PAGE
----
The Spanish film Phoenix 11-23 (original title = Fenix 11·23), about a young boy accused of terrorism after threatening a retailer, presents a real challenge for any reviewer. The reason for that lies in the theme of the film itself – mostly the ongoing attempt of some of the citizens of Catalonia to form a state independent from Spain.
As I have a strong personal stance in this matter – not disclosing it would flaw the review. That being said, here is my stance: I respect the Catalonian language and culture, just not when it is forced on people. I have seen and experienced that myself, as more often than not the language is used as a manner of discrimination against both people from Spain or abroad.
With that disclosure out of the way, Phoenix 11-23 is an intriguing film shot in the same style as The Interrogation of Michael Crowe – a court room psychological drama from the US. The two films share a lot of similarities – from the age of the protagonists (in both films they are 14-year-old boys), to the fact that the films are based on real cases and that both present a struggle of young people against an external force – the justice system. The Coming-of-Age motifs are present in both films, yet are somewhat more notable in Phoenix 11-23, which also touches on commonly addressed issues in many young peoples’ lives – such as first love and bullying. This makes the character of Èric Beltrán relatable, aided by the more than capable acting of Nil Cardoner.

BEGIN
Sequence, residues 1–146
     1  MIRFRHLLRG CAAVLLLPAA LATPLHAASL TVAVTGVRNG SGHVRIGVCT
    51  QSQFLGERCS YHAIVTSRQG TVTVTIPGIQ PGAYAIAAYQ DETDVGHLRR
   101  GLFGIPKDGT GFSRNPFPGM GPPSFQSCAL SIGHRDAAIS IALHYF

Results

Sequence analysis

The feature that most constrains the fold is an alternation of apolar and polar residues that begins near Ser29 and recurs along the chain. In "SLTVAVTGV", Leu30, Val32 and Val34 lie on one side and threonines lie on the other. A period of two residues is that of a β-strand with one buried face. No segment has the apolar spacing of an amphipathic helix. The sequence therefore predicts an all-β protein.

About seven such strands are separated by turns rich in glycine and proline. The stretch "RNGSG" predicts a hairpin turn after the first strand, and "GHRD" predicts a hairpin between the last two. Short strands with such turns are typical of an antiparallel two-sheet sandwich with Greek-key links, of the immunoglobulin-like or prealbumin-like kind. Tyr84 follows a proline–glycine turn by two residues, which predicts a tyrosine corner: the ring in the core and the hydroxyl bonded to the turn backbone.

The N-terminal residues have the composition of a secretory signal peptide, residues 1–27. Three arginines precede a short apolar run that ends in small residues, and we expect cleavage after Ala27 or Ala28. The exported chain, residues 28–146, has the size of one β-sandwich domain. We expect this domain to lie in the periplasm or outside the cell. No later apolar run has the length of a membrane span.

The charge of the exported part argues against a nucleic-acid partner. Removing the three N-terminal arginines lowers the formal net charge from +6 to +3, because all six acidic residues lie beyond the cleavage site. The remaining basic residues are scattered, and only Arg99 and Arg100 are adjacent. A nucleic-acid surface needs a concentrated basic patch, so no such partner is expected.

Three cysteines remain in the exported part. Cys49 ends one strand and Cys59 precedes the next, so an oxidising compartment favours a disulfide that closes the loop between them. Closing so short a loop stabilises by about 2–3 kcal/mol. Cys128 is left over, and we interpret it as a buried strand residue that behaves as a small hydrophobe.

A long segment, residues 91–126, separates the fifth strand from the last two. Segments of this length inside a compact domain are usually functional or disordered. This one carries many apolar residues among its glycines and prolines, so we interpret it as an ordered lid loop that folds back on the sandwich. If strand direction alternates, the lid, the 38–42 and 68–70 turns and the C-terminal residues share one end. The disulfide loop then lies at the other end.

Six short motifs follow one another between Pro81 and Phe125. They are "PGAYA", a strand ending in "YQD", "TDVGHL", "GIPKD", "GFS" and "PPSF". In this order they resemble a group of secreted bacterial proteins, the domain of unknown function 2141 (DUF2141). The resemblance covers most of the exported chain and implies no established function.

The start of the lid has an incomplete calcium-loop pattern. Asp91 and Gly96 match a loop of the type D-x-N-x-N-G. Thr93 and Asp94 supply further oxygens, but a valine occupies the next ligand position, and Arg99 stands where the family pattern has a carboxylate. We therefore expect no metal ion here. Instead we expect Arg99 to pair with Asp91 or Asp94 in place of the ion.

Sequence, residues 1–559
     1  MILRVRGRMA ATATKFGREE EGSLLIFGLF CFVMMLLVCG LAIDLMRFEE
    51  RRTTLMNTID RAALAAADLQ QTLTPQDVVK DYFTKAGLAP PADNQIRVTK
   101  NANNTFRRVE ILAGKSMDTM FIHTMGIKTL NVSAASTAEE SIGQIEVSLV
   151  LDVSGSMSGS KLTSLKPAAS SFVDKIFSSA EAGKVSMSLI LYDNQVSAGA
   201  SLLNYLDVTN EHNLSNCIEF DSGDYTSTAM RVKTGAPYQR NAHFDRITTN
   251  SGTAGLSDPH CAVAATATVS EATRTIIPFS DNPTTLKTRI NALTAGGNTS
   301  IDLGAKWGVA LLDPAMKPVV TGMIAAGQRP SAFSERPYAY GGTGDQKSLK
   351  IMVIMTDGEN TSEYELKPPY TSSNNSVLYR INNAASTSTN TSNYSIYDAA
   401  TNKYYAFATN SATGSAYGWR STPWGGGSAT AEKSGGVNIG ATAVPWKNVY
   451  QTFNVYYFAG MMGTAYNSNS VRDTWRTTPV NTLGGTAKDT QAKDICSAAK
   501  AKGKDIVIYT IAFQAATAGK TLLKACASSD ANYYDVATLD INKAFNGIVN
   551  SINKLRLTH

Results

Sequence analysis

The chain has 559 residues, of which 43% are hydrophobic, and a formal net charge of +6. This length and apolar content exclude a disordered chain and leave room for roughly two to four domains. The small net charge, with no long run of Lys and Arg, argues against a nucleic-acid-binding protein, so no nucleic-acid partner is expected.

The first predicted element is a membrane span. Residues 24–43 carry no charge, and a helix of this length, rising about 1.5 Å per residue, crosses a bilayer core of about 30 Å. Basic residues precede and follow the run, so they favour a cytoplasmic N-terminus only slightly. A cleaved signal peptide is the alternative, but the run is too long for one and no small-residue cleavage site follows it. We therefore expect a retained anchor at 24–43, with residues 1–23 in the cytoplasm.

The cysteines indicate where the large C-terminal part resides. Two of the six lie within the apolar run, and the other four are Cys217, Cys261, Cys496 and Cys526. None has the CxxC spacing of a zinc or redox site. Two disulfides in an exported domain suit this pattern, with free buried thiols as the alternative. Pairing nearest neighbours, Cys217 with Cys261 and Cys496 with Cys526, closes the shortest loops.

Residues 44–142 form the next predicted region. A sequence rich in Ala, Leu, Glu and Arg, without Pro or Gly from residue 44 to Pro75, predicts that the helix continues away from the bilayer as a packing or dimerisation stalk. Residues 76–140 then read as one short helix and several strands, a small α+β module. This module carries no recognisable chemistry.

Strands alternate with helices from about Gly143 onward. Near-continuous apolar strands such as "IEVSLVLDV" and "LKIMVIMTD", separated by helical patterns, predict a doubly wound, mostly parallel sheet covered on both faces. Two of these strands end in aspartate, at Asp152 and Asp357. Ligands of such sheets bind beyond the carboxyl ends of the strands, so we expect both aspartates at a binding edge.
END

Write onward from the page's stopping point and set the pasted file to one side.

Phoenix 11-23 is filled with emotions and drama and the story is more than capable of holding one’s attention while, at the same time and regardless of any potential bias, the viewer will be in a position to pass a judgment on the actions of the protagonists and the consequences they bring. Keeping the disclosure I opened this review with in mind, the viewer is likely to note and judge the indoctrination aimed at youth just as in the American 2007 documentary Jesus Camp. But I assume many who sympathize with the doctrine for the independence of Catalonia will disagree with such an assessment. Where I saw a story of a kid who makes a mistake due to his naivity and innocence, others may see the story of a “freedom fighter”. Whatever the case, the film portrays the story objectively enough allowing viewers to reach their own conclusions.
As a Coming-of-Age drama the film possesses many good qualities: an original and poignant story, an efficient score and excellent acting performances from the entire cast. Most of the dialogue is in Catalan, but thankfully the DVD has English subtitles, making the film accessible to an international audience. Phoenix 11-23 is an excellent film and can be enjoyed by people of all ages – who may see the story either as warning or as an inspiration.